Center for Legal Aid – Voice in Bulgaria, the EuroMed Rights Network and over 20 other organizations defiending human rights call on the EU to ensure rights of refugees in Turkey are respected.


We, the undersigned organizations working in the area of human rights, express our gravest concerns regarding the recent arrests in Istanbul of over 6,000 migrants and refugees, among whom Syrian refugees. We are alarmed by the the reports and testimonies of deportations to Syria,[1] by the declared intentions of the Turkish government to proceed with deportations and its politically motivated threats to the European Union regarding the hosting of refugees.[2] We therefore call on the EU and its Member States, in recognition that Turkey is unwilling and unable to provide protection to refugees in line with the 1951 Convention Relating to the Status of the Refugees, to end all returns to Turkey as a transit or safe country, suspending the EU-Turkey Deal from March 2016 and providing protection on European soil to those fleeing war and persecution.

For the past three years, since the adoption of the EU-Turkey Statement in March 2016, our organizations have been repeatedly stating that the EU-Turkey Deal is undermining human rights and Europe’s fundamental principles[3]. The essence of the «deal» is for Turkey to accept back every refugee that reaches the Greek Islands from Turkey, in exchange for liberalization of the visa policy on the part of the EU and 6 billion euro in aid to Turkey to use for ensuring proper reception conditions for refugees. The European Commission and many EU Member State governments still present the EU-Turkey Deal as a success, measuiring success only by the drop in numbers of people managing to reach Europe via the Agean sea route. At the same time, refugees are forced by mandatory geographical restriction to live under dangerous, inhuman and degrading conditions on the Greek islands,  as found by international organizations and human rights monitoring bodies[4]. Thus, tens of thousands of refugees live under deplorable conditions while awaiting for Greek authorities’ decision to grant protection, or refuse it, on the ‘safe country’ ground in respect of Turkey.

Currently, hundreds of Syrians have reportedly been deported from Turkey to Syria following the recent government crackdown on unregistered refugees, while the Turkish authorities cannot guarantee effective access to registration of protection applications. Many of the deportees have reportedly been transported to the Turkey-Syria border near Idlib. Syrian refugees and migrants of other nationalities have also been detained by the Turkish authorities in view of removal. Public opinion in Turkey towards Syrian refugees has been hardening since Turkey’s recent local elections,[5] which featured prominent anti-Syrian rhetoric, and in the context of Turkey’s ongoing economic crisis.

Following the recent announcement of the Turkish Foreign Minister that the EU-Turkey Deal is suspended unilaterally because Turkey has not received the political exchanges promised by the EU and the subsequent denial of the European Commission, which rushed to assure that the Deal is still being applied, our organizations ask the EU and and/or its Member State governments to:

– announce immediately the suspension of the EU-Turkey Deal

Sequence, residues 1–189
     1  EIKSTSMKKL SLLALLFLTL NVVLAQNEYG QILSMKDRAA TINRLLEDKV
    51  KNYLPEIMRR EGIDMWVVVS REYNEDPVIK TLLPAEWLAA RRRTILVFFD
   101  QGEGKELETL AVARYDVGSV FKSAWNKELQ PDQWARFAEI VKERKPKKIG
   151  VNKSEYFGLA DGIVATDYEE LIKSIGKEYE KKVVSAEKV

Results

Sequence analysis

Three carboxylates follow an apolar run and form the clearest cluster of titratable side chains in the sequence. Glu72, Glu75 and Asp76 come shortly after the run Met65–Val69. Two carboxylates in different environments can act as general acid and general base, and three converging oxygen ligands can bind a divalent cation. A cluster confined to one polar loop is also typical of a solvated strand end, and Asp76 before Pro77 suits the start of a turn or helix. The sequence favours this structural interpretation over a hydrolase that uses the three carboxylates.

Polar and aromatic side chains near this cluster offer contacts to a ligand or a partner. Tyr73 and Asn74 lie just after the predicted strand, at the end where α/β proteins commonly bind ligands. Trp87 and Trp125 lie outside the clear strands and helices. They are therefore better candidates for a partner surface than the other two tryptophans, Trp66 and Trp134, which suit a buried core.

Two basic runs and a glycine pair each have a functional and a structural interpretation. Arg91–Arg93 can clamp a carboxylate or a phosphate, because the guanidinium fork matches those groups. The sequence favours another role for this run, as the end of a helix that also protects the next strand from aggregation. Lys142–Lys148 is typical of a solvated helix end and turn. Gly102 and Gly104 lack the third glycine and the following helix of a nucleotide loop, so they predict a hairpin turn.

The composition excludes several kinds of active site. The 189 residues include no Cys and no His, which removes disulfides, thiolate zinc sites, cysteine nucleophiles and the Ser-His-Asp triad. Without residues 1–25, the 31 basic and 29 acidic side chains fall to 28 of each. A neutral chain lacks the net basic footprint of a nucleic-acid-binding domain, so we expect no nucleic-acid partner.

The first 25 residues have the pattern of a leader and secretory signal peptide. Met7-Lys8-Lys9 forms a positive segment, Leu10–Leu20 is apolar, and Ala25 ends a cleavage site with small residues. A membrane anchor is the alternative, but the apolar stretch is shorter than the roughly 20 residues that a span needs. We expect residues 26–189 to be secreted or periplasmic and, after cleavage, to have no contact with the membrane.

– respect the principle of non-refoulement in accordance with international law and stop all returns to Turkey, from Greece or elsewhere, which amount to chain-refoulement

– provide protection on European soil to those fleeing war and persecution

– provide decent reception conditions in accordance with the EU Reception Conditions Directive

– ensure that refugees are not revictimized by being exploited for political goals

We further ask UN bodies, and the UNHCR in particular, to monitor the returns from Turkey of all persons under temporary protection, including those that are described as voluntary.


EuroMed Rights Network

Center for Legal Aid – Voice in Bulgaria

Greek Council for Refugees

Ligue algérienne pour la défense des droits de l’homme (LADDH)

Lebanese Center for Human Rights

Hellenic League for Human Rights

HIAS Greece

Group of lawyers for the rights of migrants and refugees (Greece)

Initiative for the Detainees’ Rights (Greece)

Greek Helsinki Monitor

AMERA International

L’Association Européenne pour la défense des Droits de l’Homme (AEDH)

Damascus Center for Human Rights Studies

Human Rights Association (İHD) (Turkey)

Urnammu for Justice & Human Rights

KISA – Action for Equality, Support, Antiracism (Cyprus)

Tamkeen for Legal Aid and Human Rights- Jordan

Syrian Center for Media and Freedom of Expression

Cyprus STOP Trafficking

Symfiliosi ( Cyprus)

Andalus Institute

Italian Council for Refugees

Forum Tunisien pour les Droits Economiques et Sociaux

l’Association Démocratique des Femmes du Maroc (ADFM)

Refugee Support Aegean (RSA) – Greece

Network for Children’s Rights (Greece)

[1] See, for instance «As 1,000 Syrians arrested in Turkey, crackdown fears intensify», Al Jazeera, July 29, 2019, and « Mass Deportation Campaign in Istanbul Against Syrians» Harek Act,

2] See « Turkey suspends deal with the EU on migrant réadmission », Euractiv, July 24, 2019,


[4] E.g., Council of Europe Commissioner for Human Rights, Report of the Commissioner for Human Rights of the Council of Europe Dunja Mijatović following her visit to Greece from 25 to 29 June 2018, CommDH(2018)24, 6 November 2018

[5] See, for example « Anti-refugee sentiments in Turkey at all-time high», InfoMigrants, July 29, 2019,